Your life isn’t static. It’s a fluid, ever-changing thing. This means that if you are going to live frugally, you are going to have to master the art of the pivot.
Pivoting means you change direction, tactics, positioning, mindset, whatever it takes to take advantage of your changing situation.
As an example, I recently took on a new job, a great challenge. It meant being back in an office which I was looking forward to because I thrive on establishing a routine. I am far more productive when I am working to a schedule and routine as much as possible. This doesn’t mean that I don’t pivot and pivot often. So, some changes went along with my new gig.
Lunch just got a whole lot cheaper. One would think that I’d be spending more while working in an office but that isn’t the case. My partner would often disrupt my home-based efforts and want to go out for a meal. That’s a thing of the past and leftovers get used up far more quickly now since I rely on them for lunch. Luckily for me, I work with a serious, focused crew. Everyone mostly eats at their desk and goes home a bit earlier as a result. I like it. As someone embracing a frugal lifestyle, I was never one for expensive lunches out any way. The math: average lunch here in high tech la la land would cost me $12 if going out with colleagues and not hitting the drive through. If you figure on 261 working days a year, that is a whopping $3,132 dollars you just through down your gullet. Better to brown bag it with leftovers most, if not all days, if you can.
Gym time changed dramatically. I continue to invest in my health because I truly believe that keeping in shape saves thousands if not more, on long term health issues. Gone are the days of two hour workouts starting at 10 a.m. This pivot is not enough to make me want to cancel my gym membership, far from it. I happily discovered that my gym has another branch less than a mile from my new office. Perfect. It is taking a bit more discipline to change and hit the gym after a long day at the office but at least three days a week, I am making it happen. On the weekends, I still work out at the branch nearest to my house because who needs to waste money on gas?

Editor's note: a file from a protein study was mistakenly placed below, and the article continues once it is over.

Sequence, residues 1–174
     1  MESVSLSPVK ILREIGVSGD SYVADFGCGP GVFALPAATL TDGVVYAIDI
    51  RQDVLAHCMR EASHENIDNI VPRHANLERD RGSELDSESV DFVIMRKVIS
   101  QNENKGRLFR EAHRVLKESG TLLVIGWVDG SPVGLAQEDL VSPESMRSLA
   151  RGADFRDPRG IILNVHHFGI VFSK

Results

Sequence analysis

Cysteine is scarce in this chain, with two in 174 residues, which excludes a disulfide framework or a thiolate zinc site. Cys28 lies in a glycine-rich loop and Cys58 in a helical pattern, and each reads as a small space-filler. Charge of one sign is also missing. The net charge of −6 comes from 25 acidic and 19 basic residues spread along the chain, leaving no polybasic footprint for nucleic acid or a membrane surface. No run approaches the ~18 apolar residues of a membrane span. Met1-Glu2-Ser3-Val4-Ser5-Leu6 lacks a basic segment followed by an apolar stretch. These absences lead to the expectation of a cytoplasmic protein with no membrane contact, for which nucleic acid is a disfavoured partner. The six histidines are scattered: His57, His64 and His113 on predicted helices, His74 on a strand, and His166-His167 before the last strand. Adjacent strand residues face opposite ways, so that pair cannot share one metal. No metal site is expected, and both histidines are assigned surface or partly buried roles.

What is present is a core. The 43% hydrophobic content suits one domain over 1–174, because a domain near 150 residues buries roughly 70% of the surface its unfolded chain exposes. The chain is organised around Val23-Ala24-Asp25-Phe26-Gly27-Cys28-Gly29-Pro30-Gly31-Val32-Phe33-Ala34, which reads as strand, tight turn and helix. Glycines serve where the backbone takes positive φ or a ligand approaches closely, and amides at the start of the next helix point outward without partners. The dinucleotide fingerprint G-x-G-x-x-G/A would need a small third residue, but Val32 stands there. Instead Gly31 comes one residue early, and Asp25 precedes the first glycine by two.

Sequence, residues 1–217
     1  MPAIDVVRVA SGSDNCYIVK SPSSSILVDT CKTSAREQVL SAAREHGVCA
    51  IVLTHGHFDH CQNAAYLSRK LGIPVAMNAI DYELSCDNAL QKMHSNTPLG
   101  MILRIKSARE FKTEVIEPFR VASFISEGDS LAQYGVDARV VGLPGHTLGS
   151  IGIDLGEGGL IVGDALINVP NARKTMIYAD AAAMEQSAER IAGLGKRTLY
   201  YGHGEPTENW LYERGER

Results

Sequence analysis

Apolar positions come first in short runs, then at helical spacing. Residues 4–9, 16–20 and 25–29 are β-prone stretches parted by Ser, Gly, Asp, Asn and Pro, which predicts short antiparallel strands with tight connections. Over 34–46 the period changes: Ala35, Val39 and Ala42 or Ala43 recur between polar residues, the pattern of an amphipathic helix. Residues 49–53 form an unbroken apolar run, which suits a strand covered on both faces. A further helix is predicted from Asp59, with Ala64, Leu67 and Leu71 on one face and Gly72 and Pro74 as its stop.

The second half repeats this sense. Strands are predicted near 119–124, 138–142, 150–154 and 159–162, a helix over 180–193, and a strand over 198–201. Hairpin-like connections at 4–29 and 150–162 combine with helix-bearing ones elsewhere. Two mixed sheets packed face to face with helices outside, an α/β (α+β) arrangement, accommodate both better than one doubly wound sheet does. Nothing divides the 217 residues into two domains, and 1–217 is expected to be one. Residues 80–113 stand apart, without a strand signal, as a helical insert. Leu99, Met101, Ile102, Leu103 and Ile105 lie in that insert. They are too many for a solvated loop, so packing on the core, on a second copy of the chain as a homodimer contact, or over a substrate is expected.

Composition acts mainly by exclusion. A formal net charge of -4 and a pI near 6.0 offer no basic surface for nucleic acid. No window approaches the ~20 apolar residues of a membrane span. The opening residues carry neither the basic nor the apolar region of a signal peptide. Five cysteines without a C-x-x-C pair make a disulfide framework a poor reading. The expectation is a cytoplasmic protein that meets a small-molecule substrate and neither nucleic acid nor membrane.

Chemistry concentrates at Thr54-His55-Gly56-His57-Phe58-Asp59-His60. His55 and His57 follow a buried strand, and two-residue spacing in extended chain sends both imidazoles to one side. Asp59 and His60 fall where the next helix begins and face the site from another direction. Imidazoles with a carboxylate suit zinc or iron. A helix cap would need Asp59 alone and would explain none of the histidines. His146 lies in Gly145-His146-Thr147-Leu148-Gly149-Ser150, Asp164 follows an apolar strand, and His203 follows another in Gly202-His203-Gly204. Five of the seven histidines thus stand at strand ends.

Speaking of gas. My partner and I have determined that while my commute is only 15-20 minutes, our newer car is still the best option for me to drive to work because it gets better gas mileage among other things. I also try and time my return home commute after the worst of the traffic has subsided. That’s why going to the gym straight after work, well, works. I spend less on gas because I am not stuck in traffic and I get my workout in for the day, a two for one win.
Meal Prep. In order to keep my frugal meal strategy on track, I am determined to remain hyper-organized in the kitchen on the weekends. I make three meals for Monday-Wednesday, freezing two of the three and leaving Monday’s entrée in the fridge for quick cooking. Thursdays my partner is on his own while I scrounge leftovers or throw together a quick pasta dish or warm up a simple quesadilla. Then, on Fridays, we indulge in a bit of Chinese take (unless we have substantial leftovers of course). It works. On the weekends, I indulge in testing out new recipes and relaxing in the kitchen but on weekdays, dinner is literally on the table in 15 minutes or less. And before you ponder why my partner doesn’t take over in the kitchen because I work and he is retired, it’s because I like to unwind in the kitchen after working all day. I often find I have inspirations and can solve thorny problems while sautéing, mixing, whisking and preparing dinner. It is my chill time. My partner is usually just feet away, fuming over the latest fiasco of his beloved Phillies and we chat over how our days went. The dogs are habitually underfoot, knowing I am going to feed them in short order and it is our reconnect time which continues at the dinner table. This would not be possible if I was in the kitchen, starting from scratch every night. Plus, I’d be exhausted.
So, consider that your life is a fluid thing and you are going to have to pivot often in order to continue living frugally and free.